What Is Sweat Equity?
The term sweat equity refers to a person or company's contribution toward a business venture or other project. Sweat equity is generally not monetary and, in most cases, comes in the form of physical labor, mental effort, and time. Sweat equity is commonly found in real estate and the construction industry, as well as in the corporate world—especially for startups.
- Sweat equity is the unpaid labor employees and cash-strapped entrepreneurs put into a project.
- Homeowners and real estate investors can use sweat equity to do repairs and maintenance on their own rather than pay for traditional labor.
- In startups, owners and employees typically accept salaries that are below their market values in return for a stake in the company.
- Working for sweat equity comes with more risk than a conventional salary, but higher upsides if the company succeeds.
- In rent-to-own situations, some landlords may allow renters to gain equity by performing repairs or maintenance that would otherwise be the responsibility of the landlord.
How Sweat Equity Works
Sweat equity originally referred to the value-enhancing improvements generated from the sweat of one's brow. So when people say they use sweat equity, they mean their physical labor, mental capacity, and time to boost the value of a specific project or venture.
The term is commonly used in the real estate and construction industries. Sweat equity can be used by homeowners to lower the cost of homeownership. Real estate investors who flip houses for profit can also use sweat equity to their advantage by doing repairs and renovations on properties before putting them on the market. Paying carpenters, painters, and contractors can get extremely pricey, so a do-it-yourself renovation using sweat equity can be profitable when it comes time to sell.
Sweat equity is also an important part of the corporate world, creating value from the effort and toil contributed by a company’s owners and employees. In cash-strapped startups, owners and employees typically accept salaries that are below their market values in return for a stake in the company, which they hope to profit from when the business is eventually sold.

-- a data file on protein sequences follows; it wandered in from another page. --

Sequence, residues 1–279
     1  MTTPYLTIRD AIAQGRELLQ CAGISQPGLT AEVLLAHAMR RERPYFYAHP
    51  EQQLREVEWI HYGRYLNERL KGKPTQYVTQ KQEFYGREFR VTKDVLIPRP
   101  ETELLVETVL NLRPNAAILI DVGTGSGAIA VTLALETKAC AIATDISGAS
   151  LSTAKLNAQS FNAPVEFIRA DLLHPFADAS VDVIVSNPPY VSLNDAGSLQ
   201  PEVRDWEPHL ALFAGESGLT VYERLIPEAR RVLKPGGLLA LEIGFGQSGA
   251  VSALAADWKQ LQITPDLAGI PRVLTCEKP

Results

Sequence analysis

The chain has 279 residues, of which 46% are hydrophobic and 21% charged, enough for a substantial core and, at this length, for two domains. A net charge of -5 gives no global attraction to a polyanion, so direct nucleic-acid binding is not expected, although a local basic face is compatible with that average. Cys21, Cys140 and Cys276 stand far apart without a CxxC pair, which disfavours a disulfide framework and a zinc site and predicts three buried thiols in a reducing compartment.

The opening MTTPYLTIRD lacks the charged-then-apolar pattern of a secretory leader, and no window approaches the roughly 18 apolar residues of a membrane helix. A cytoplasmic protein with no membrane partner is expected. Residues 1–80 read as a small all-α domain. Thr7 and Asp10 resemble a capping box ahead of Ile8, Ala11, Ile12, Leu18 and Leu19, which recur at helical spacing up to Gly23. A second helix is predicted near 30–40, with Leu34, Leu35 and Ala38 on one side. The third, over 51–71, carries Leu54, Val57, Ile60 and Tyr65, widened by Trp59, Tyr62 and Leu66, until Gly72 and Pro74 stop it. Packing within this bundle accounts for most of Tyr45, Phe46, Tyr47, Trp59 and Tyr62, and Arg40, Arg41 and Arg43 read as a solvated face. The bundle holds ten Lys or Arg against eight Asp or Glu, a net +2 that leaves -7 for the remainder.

Cash-strapped businesses may provide compensation for an employee's sweat equity in another form such as shares in the company.
In many cases, people have to use sweat equity—their time and effort—to contribute to the success of a company. That's because there's very little capital to pay salaries. Unless you're the owner, everyone expects to be paid for their time and energy. After all, no one wants to work for free.
While a company may not yet have enough capital to pay its employees, it can provide compensation in other forms. For instance, startups may provide key employees with an equity stake in the company. Other, more established companies may provide their employees with shares in the corporation as a reward for their sweat equity.
Example of Sweat Equity
Habitat for Humanity homeowners must contribute at least 300 hours of labor to build their own homes as well as those of their neighbors before they can move in. Besides increasing home affordability, the program also gives homeowners a sense of accomplishment and pride in their community.